If not Musharraf then, who is most likely responsible? Suspicion will instantly turn towards either al-Qaida itself or the Taliban, who had threatened to assassinate Bhutto and who nearly succeeded previously. The other chief suspects will be independent but al-Qaida inspired militants who declared war after the siege of the Red Mosque, or possibly remnants of other Pakistani terrorist groups formerly more concerned with Kashmir but now also increasingly focused on events in their home country itself. If it is the work of al-Qaida, then it will be the first high profile assassination that they have successfully achieved: while Ayman al-Zahawiri's former organisation al-Jihad aka Islamic Jihad had attempted to kill the Egyptian president Hosni Mubarak and there have also been previous attempts on Musharraf himself which have only been narrowly thwarted and afterwards linked to al-Qaida, their style has usually been to slaughter innocents, not specifically target politicians. Ramzi Yousef's plans to kill either Bill Clinton or the Pope were not strictly ever the work of al-Qaida itself, despite his involvement with Khalid Sheikh Mohammed: he was probably the closest takfirist terrorism has come to someone who just liked making bombs and killing people rather than caring about the religious motive, however spurious, behind it.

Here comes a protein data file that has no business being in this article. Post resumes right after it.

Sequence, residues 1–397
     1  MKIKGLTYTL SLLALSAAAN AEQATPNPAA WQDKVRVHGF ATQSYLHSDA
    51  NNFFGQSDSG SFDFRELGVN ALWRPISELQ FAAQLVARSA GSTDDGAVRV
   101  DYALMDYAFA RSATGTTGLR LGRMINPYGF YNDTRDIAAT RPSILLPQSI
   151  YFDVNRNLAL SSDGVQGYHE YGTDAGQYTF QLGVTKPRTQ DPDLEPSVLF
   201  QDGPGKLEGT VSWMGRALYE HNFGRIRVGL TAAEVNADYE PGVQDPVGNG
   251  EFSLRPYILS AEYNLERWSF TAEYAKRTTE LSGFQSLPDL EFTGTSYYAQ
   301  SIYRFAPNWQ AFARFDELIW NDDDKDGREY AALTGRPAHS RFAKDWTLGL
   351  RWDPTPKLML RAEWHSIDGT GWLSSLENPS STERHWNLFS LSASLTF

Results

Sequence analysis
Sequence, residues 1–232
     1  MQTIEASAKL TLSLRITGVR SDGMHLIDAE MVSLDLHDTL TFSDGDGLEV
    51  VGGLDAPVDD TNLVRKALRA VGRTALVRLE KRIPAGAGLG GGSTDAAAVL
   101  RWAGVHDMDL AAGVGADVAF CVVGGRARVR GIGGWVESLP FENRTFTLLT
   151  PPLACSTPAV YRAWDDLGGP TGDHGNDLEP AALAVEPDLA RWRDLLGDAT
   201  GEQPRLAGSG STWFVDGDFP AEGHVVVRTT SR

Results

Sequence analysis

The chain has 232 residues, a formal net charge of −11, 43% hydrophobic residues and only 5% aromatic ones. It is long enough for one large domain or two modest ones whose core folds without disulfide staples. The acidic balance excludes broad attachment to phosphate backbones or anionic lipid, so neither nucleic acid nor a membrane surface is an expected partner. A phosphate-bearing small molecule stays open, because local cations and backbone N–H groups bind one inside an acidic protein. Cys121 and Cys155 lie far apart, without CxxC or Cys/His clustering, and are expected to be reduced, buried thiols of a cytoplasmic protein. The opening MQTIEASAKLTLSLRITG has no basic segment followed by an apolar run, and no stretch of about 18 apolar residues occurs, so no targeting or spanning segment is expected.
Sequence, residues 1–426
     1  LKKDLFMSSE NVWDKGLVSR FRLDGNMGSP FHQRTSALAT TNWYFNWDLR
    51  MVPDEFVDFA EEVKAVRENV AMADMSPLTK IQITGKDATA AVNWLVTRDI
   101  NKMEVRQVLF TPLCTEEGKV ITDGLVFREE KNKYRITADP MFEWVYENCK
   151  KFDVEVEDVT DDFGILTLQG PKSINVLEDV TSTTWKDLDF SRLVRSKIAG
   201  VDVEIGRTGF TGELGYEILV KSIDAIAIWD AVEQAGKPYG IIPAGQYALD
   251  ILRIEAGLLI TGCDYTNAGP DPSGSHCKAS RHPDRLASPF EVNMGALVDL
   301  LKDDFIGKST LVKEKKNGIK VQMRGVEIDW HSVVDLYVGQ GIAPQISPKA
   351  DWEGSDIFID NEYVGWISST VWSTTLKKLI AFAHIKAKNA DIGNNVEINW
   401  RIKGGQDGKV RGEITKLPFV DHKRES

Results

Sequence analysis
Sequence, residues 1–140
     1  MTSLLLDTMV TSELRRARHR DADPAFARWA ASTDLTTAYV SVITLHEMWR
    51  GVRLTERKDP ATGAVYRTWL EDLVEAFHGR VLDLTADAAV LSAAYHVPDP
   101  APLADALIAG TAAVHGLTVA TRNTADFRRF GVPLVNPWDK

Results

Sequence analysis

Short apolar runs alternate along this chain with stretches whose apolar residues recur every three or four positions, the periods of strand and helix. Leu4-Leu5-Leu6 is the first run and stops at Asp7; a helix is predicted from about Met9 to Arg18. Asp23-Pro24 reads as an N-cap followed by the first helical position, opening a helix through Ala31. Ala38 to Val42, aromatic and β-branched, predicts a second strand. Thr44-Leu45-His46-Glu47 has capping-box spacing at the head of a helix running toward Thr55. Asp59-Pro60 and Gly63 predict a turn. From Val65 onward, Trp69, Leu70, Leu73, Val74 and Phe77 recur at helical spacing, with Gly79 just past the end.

The rather hysterical claims that Pakistan now faces civil war or at the least the possibility of it are for the moment premature. The government has never really controlled the semi-autonomous, tribal regions of the east next to the Afghanistan border, and it's there that the real battle against those supportive of the Taliban will be decided, not in the cities, despite the suicide bombings which have mostly so far targeted either soldiers or military installations. What Bhutto's assassination has done is thrown even the semblance of normality in the country completely out of the window; how Musharraf responds will be crucial. A temporary harsh crackdown is likely unavoidable, and with the one remaining popular opposition leader Nawaz Sharif declaring he will boycott the elections, there's little reason for him not to go even further and once again rule by decree, again possibly for as long as the West tolerates it.

Whoever was behind the attack, when they murdered Bhutto they were also attempting to kill an idea, an ideology, even hope itself. However the people and the government of Pakistan reacts to this latest atrocity, they should not lose sight of Bhutto's own dream of a secular, peaceful and democratic Pakistan, even if her own flaws and lust for power of that imaginary nation should have disqualified her from leading it. From even the most dreadful and despicable of acts, good can still be drawn. Mourn now and fight for that ambition another day.